Posted by / Category London /

Yep, you read that right. It happened a few years ago and it is time for me to come clean about it. To cut a long story short, we had managed to get opera tickets to see the Bolshoi at the Royal Opera House in Covent Garden. I am ashamed to admit that it was my very first opera in a foreign language (we French tend to stick to what we know). In my defence, this is also because I grew up in a small village in Provence, and opera was the last thing on everybody’s mind. In fact, I had been lucky to see a couple of performances. That day, we were seeing Eugene Onegin. I didn’t know what to expect. I had read that the story had been written by Pushkin, and the music by Tchaikovsky. It was all I knew. 

We sat down. Attending a performance in such beautiful settings was already a rare treat. The music started, and we were introduced to the feisty Olga and her sister Tatyana. Because don’t get this opera wrong: it was not about the selfish and cynical Eugene Onegin. It was all about the lovely Tatyana, who had decided to pour her heart in a love letter to Eugene Onegin, only to be left crushed and rejected.
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Posted by / Category London /

Lovely Houses In London

In the UK, property porn is a national addiction. For the avoidance of doubt, I am talking about surfing estate agent’s websites, and quietly checking out the value of the house you are renting, or how much your acquaintance paid for their lovely flat (far more that you thought, usually). Can prices in London be really this high? Oh, and look again, they are still climbing! There is also something hugely satisfying in having a peep at other people’s houses. Is it neat and tidy? Is it minimalist? And how is the kitchen? Watch the lovely bar stools…

I am not really addicted to property porn. I just indulge in it once in a while. Say, once a month (OK, maybe twice?). Until yesterday, I thought that it was just a harmless bit of fun. So what happened? To cut a long story short, yesterday I had no electricity from 5pm to 10pm. Yep, a good old power cut. Not in my house only, three or four streets were affected in our area.



Here I was, in a lovely Victorian house in London, completely in the dark. To make matters even worse, the same thing  had happened a year and a half ago. The alarm kept beeping and displaying all sorts of scary messages about faults and intrusions. I was freaking out. Where had I put the candles again? Seriously, who cared about brand new kitchen appliances when you couldn’t find the bloody candles? Whatever the house was worth, at that moment I would have given anything to be in a warm  place with some light. Obviously, hubby was somewhere far on yet another business trip, saving the world from various evils but letting us fend for ourselves at home. Where were men when we needed them? He sent me a text saying that we should all go to a hotel tonight. Very helpful. I thanked him profusely (British understatement).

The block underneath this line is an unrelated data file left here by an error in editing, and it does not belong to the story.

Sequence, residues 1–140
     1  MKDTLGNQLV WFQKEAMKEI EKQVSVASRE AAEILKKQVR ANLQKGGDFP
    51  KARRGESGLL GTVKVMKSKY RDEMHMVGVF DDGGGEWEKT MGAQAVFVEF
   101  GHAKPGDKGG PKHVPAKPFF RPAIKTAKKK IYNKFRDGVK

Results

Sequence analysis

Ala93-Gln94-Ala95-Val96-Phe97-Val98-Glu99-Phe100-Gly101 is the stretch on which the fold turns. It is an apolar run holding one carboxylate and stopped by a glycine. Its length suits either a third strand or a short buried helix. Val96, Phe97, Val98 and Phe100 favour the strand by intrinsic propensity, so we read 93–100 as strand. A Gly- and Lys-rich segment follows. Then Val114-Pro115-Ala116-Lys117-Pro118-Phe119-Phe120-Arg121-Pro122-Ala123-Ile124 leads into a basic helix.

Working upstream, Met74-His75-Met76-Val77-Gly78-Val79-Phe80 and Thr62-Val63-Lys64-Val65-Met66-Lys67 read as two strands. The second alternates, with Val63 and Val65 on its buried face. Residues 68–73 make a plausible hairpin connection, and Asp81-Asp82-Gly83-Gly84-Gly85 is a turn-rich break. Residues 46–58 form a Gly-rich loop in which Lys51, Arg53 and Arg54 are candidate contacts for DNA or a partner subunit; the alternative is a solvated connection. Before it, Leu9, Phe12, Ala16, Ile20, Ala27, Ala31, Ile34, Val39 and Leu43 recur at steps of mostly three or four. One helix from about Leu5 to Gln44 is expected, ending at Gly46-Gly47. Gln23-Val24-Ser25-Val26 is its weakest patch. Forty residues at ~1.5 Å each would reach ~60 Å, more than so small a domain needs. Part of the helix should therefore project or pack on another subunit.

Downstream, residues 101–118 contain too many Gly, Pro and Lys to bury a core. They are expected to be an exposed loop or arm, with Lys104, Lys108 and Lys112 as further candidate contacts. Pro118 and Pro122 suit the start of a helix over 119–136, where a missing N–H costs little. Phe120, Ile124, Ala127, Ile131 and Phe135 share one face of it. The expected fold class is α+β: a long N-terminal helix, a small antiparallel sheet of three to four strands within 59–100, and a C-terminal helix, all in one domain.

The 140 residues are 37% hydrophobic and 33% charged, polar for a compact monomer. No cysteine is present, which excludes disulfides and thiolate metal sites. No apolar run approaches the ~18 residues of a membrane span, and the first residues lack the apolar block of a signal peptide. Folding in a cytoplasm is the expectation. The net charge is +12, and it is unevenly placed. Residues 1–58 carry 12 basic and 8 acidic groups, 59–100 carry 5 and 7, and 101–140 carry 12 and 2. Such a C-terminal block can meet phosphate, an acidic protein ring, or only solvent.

One of my children was supposed to have a French lesson at home. She kept texting me that there was no power, and that she was scared. There wasn’t much I could do. They had a candle-lit French lesson in the end. As for my other daughter, I had to pick her up from a netball match from school, and of course they were more than half an hour late. And it was cold. I told Boden mum that there was a power cut. She looked at me suspiciously.
“Seriously, in London? Are you sure it’s not your fuses?”
My fuses were perfectly fine, thank you very much. But I thought that her comment was going to make me blow a gasket.
” Well, the whole street is in the dark, Darling. I think that my fuses are OK. Apparently an underground cable was damaged during the construction of yet another basement.”
Boden mum nodded. 
” Building a basement is such a hassle, right?” She must have lost her mind in subterranean London.
It looked like she couldn’t care less about us having to spend the night without any power. I wouldn’t get any help there.

“Mum, why is our street so dark tonight?”
“It is a power cut, Darling”.
We will have some salad and sandwiches tonight, I think.
” But I don’t like salad!” 
Well, too bad.

I will not go on Zoopla ever again. Well, at least not for a few weeks. The alarm kept beeping all night long, and this morning all seems to have gone back to normal, except for the huge bags under my eyes. As for properties in London, such prices are more than ridiculous when I felt so vulnerable for a few hours. What is wrong with this world?





Muriel – A French Yummy Mummy In London

Posted by / Category Cultural Differences /

Guillaume Canet


What would we do without stereotypes? I sometimes wonder. Whenever I catch up with friends over a coffee, I often get comments about how disappointed they are with a French lover one of them has (or had, actually). This usually begs the following question: